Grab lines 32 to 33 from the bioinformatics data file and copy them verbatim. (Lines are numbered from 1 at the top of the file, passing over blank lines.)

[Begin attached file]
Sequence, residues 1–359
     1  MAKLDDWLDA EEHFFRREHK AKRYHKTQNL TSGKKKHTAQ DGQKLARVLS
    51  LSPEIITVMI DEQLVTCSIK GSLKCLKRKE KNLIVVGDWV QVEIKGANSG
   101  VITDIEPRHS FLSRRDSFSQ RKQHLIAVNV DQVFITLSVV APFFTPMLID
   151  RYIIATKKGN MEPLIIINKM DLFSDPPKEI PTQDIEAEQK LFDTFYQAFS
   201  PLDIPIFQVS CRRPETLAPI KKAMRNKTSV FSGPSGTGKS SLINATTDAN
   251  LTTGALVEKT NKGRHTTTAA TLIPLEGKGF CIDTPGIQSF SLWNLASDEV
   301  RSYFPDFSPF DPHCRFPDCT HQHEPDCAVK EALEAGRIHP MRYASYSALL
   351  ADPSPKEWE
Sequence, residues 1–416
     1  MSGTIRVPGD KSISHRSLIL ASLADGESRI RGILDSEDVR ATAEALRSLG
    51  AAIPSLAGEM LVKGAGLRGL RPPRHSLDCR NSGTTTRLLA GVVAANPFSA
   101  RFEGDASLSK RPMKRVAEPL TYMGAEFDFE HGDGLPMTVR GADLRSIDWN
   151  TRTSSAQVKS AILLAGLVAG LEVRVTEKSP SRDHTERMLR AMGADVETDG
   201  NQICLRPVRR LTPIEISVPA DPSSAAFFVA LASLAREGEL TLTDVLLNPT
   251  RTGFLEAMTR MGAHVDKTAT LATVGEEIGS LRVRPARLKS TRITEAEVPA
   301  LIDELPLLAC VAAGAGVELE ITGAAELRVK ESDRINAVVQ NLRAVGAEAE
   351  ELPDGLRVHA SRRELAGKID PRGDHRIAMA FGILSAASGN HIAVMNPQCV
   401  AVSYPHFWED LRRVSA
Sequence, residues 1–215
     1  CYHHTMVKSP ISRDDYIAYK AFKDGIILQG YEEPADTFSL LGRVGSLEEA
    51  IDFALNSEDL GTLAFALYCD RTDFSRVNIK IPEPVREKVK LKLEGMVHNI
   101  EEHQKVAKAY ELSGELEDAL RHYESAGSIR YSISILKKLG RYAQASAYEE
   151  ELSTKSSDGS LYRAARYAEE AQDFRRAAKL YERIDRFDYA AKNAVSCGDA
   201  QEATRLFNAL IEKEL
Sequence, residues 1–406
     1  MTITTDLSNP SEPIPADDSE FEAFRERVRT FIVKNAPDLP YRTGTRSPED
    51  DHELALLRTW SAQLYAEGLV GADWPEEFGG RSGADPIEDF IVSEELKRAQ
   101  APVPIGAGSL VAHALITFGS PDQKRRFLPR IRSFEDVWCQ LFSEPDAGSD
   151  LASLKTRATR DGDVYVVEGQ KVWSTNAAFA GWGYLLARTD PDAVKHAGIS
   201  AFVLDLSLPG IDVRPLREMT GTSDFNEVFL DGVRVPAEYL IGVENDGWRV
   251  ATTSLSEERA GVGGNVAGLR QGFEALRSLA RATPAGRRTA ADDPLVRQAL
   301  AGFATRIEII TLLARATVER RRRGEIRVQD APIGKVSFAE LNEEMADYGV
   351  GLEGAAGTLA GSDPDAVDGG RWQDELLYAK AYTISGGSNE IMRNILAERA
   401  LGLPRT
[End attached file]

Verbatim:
   251  ATTSLSEERA GVGGNVAGLR QGFEALRSLA RATPAGRRTA ADDPLVRQAL
   301  AGFATRIEII TLLARATVER RRRGEIRVQD APIGKVSFAE LNEEMADYGV